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Pentagon Draws up Plans 

for Invasion of Iraq


by Ian Bruce

The Herald (Scotland) January 31, 2002

Centre for Research on Globalisation (CRG),  globalresearch.ca,   1  February 2002


 Military planners at the Pentagon have drawn up a blueprint for a two-pronged invasion of Iraq involving up to 100,000 US troops in support of local Kurdish and Shi'ite rebels.

The plan calls for a "sandwich" strategy which would see 50,000 Americans attacking from the Kurdish enclave in northern Iraq while another 50,000 advanced from Kuwait, and possibly Saudi Arabia, under cover of an overwhelming air umbrella of fighters and helicopter gunships.

The operational headquarters of the US 3rd Army was moved to Kuwait in mid-December to prepare for the mission and a team of air force analysts at the custom-built Prince Sultan airbase near Riyadh, the Saudi capital, has begun to compile "target sets" for a high-intensity aerial blitzkrieg.

State department officials under Ryan Croker, the man responsible for Middle East affairs, were in the region last week to assess Kurdish support for a US-backed revolt against Saddam Hussein's regime.

Despite the political imperatives outlined in President Bush's State of the Union call to arms, however, many senior officers are sceptical of the prospects for success of local insurgency on the Afghan model.

Others feel that a decisive result would require US deployment on the 500,000-man scale of the 1990-91 Gulf war, and would risk inflaming relatively moderate Muslim opinion in Saudi Arabia, Jordan, and Egypt.

Lieutenant General Paul Mikolashek, 3rd army commander, has told the US joint chiefs of the armed services that he would need between 150,000 and 200,000 combat troops to guarantee success, and possibly twice that number in support and logistical roles.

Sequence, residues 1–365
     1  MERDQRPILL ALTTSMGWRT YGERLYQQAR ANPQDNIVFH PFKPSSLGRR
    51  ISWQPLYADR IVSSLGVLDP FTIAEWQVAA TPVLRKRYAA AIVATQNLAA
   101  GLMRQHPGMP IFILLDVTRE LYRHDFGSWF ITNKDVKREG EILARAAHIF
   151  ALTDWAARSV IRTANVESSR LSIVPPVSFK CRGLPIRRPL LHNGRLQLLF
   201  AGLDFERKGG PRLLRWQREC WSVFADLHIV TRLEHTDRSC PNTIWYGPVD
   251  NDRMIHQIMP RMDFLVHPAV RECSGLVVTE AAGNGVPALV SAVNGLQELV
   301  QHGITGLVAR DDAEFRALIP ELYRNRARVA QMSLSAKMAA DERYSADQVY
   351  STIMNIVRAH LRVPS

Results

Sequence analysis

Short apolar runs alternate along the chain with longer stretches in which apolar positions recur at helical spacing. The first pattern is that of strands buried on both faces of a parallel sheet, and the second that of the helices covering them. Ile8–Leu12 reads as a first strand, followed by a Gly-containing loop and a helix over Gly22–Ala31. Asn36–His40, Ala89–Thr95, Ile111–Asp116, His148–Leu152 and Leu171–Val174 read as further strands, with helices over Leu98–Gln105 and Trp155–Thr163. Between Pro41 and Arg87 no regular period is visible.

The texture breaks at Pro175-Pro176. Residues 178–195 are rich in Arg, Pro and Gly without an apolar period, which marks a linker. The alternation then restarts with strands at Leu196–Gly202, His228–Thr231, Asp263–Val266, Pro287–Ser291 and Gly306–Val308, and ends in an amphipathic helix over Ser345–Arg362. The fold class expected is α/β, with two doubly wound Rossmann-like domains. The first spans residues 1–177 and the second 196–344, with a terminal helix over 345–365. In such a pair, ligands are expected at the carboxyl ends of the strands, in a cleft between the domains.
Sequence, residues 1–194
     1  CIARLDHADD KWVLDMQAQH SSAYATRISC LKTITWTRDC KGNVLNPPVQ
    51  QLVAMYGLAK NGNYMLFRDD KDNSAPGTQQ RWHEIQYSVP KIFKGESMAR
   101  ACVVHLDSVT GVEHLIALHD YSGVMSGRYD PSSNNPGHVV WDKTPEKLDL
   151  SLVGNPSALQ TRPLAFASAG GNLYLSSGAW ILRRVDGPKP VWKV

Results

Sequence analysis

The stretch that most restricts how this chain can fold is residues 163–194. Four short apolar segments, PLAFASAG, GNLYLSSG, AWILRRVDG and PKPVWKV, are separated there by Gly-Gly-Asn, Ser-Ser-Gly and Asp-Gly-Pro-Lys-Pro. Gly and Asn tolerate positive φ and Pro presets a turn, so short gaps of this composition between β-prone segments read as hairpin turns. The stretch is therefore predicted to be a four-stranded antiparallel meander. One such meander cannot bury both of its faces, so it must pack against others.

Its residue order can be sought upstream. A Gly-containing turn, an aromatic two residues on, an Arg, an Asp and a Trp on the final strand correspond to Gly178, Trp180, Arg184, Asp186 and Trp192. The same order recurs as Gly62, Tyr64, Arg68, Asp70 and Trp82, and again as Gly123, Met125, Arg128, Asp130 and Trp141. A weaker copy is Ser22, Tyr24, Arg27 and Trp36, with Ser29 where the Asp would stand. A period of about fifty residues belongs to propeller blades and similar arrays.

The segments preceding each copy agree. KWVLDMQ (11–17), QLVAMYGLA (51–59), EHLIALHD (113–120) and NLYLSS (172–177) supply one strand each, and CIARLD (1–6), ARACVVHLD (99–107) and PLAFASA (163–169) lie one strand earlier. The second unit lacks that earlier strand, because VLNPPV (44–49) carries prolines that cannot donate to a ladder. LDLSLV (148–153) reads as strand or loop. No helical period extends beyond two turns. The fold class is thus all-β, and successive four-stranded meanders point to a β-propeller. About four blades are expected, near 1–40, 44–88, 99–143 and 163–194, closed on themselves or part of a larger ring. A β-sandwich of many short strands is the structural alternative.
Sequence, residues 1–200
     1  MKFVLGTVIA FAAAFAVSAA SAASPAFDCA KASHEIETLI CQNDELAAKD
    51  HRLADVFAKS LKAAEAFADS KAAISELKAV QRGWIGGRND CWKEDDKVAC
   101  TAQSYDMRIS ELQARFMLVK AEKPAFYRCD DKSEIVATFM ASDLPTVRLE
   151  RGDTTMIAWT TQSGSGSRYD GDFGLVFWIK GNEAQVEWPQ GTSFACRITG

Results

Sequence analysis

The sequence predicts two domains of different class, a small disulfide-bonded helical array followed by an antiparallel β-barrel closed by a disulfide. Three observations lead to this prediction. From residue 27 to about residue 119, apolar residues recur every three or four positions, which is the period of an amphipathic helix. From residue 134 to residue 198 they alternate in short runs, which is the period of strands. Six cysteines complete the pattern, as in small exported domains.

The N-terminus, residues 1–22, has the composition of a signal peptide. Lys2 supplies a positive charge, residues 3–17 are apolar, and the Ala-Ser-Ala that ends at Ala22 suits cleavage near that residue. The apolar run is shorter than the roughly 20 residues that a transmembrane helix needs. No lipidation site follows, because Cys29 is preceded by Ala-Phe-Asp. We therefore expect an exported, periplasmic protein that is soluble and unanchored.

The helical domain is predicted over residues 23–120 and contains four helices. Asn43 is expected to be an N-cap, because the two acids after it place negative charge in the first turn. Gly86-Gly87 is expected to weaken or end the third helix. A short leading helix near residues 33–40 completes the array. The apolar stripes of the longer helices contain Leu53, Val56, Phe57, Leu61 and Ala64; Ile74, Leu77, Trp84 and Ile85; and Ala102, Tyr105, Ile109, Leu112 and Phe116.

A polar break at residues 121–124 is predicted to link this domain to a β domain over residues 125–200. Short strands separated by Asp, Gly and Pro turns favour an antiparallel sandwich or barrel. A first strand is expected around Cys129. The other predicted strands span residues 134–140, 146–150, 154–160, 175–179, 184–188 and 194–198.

Military leaders are concerned that politicians may be tempted by the relatively easy and bloodless victory in Afghanistan into trying a repeat performance on an infinitely more militarily capable Iraq.

Despite defeat in 1991 and a decade of punishing sanctions, Saddam still fields one of the largest armies in the region, with 350,000 men under arms, 2700 tanks, 90 jets and 100 helicopters.

While many of the rank-and-file troops are of doubtful fighting quality, the core of his power rests with the 50,000 soldiers of the seven Republican Guard divisions and the 26,000 men of his "special guard" recruited from his own tribal area of Tikrit.

These units have 1200 T72 Russian-designed tanks, receive the best equipment and rations, and are paid four times as much as their regular army counterparts to help assure their loyalty.

More importantly, Iraq is believed to have 300 mobile anti-aircraft missile launchers, some of which have been upgraded with cash from the proceeds of oil smuggled via Turkey, Syria and Jordan to keep Saddam's military machine and chemical, biological and long-range missile programmes functioning.

The Iraqi air force, short of spares and outclassed in technology, would be no match for US fighters, but the missile threat means there would be no rapid repeat of Afghan-style total domination of the skies over the battlefield.

Copyright  The Herald, Scotland 2002. Reprinted for fair use only

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